The news of a girl killed for wearing jeans in Uttar Pradesh slipped in with the daily headlines this week. With the ease and nonchalance of a banal government press release – without sparking any outrage, without meeting angered demands for urgent action, without serving as a wake-up call, demanding justice for our country’s girls.
Only 17, she was reportedly found hanging from a highway bridge outside of Deoria – left dead there allegedly by her own kin, a grandfather and two uncles. Apparently, there was pressure on the girl for reverting to Indian wear after a brief stay in Ludhiana acquainted her with Western clothes, with jeans catching her fancy. More on the case here.
So rabid was the patriarchal insistence of the girl’s family for a ‘decent’ wardrobe for her that it led to her violent death.
Though we are over seven decades independent, is India truly free from its foundational biases that endanger the lives of women for as basic a right as choice? How different is our society from oppressive religious states that dictate women’s wardrobes to them? Except here, authorities don’t spell the diktats out. Society and its citizens are doing that job pretty well.
Why is there no national rage driving due reform in law, safety and mentality following a girl’s death for picking jeans over salwar?
Girl Killed For Wearing Jeans – How India Is Emboldening Its Rape Culture
What exactly is it about women’s free will over their own lives that threatens our society? Must women live in fear (of nothing less than death, it seems) every time they must choose between their agency and social dictates?
The incident comes only months after former Uttarakhand Chief Minister Tirath Singh Rawat’s public jibe at a woman wearing ripped jeans, wherein he questioned her ‘morality’ over her sartorial choices. It comes also only weeks after Uttar Pradesh women’s commission member Meena Kumari urged parents to avoid arming daughters with mobile phones. Only days have passed since two sisters were thrashed in Madhya Pradesh for talking to male cousins and only hours since actor Priya Ahuja was trolled brutally for a simple Instagram photo that dared to show a bra strap.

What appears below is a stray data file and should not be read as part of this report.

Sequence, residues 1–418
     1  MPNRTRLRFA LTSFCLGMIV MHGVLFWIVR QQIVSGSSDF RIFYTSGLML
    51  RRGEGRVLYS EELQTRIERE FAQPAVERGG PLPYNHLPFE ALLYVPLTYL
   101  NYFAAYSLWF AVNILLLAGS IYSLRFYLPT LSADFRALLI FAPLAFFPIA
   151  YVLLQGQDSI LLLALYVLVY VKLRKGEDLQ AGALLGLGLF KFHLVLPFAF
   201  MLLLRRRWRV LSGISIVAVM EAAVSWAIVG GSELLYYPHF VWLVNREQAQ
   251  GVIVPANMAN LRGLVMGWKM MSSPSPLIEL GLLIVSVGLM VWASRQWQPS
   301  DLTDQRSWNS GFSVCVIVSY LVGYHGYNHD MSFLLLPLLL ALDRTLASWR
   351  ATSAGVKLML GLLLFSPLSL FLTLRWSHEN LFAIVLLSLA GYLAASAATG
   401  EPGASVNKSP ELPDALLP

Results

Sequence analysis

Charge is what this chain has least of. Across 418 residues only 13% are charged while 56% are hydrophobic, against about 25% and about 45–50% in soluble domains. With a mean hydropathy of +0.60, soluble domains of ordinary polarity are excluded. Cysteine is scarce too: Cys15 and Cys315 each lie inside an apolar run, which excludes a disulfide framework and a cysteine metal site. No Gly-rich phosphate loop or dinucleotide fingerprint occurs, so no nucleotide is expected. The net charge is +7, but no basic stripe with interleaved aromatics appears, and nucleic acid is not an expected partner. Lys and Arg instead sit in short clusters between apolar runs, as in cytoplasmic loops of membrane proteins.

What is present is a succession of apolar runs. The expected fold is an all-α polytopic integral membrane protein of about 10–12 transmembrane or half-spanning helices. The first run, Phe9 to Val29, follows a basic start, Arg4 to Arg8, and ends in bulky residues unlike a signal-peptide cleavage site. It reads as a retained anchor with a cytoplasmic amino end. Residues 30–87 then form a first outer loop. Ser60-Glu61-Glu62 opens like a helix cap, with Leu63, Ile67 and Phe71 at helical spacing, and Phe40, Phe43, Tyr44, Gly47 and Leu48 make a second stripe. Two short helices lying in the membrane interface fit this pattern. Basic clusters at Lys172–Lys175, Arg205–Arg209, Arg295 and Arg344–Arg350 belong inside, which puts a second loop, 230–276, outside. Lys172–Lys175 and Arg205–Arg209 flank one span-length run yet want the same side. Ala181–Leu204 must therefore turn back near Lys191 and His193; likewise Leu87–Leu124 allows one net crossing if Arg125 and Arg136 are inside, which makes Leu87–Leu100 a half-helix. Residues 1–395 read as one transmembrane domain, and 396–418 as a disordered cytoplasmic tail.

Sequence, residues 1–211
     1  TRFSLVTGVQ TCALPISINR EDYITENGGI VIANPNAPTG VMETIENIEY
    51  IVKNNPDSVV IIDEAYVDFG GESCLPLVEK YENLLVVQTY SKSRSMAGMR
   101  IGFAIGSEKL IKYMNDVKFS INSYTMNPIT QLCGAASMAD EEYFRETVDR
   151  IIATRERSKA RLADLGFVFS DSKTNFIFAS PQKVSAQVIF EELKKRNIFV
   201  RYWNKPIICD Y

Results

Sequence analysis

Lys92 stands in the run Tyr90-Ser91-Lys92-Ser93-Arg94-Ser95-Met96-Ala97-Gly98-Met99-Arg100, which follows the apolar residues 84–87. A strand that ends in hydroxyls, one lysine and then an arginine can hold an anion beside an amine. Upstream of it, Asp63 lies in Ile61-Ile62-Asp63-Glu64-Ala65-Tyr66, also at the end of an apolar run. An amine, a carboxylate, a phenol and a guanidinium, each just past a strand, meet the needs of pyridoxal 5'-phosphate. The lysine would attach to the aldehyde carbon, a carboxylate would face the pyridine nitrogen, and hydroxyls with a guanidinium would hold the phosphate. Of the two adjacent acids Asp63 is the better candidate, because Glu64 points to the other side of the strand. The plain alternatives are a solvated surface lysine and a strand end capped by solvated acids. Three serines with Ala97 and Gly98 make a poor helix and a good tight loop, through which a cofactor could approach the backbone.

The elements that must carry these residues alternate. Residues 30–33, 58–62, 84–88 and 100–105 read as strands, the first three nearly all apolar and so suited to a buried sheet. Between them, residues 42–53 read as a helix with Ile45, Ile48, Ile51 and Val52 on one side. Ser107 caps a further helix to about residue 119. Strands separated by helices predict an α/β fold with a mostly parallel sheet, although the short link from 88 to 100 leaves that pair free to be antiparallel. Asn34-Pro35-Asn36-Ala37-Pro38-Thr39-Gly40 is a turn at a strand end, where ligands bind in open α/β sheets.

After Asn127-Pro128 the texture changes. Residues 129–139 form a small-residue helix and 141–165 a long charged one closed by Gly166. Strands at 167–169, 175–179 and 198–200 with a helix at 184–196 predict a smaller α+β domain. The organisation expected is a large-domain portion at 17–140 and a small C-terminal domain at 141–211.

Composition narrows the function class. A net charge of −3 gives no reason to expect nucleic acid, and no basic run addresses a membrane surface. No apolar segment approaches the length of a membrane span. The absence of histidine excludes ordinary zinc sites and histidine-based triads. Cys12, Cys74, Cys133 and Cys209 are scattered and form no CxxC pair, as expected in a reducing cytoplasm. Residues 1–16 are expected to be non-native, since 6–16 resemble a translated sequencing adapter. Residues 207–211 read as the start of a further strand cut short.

Each such instance is a nail in the coffin of the rape culture we as a society are emboldening, augmenting, encouraging every single day and by consequence, putting women and girls at risk. What does this say about the safety of women and their constitutional rights in India?
One may argue that the UP girl’s case is being dutifully pursued (one accused has been arrested, a search for the other two is on). That is neither laudatory nor the point. A life has been lost. The question we need to be asking ourselves instead is: What led us here and where are we headed?
Views expressed are the author’s own.
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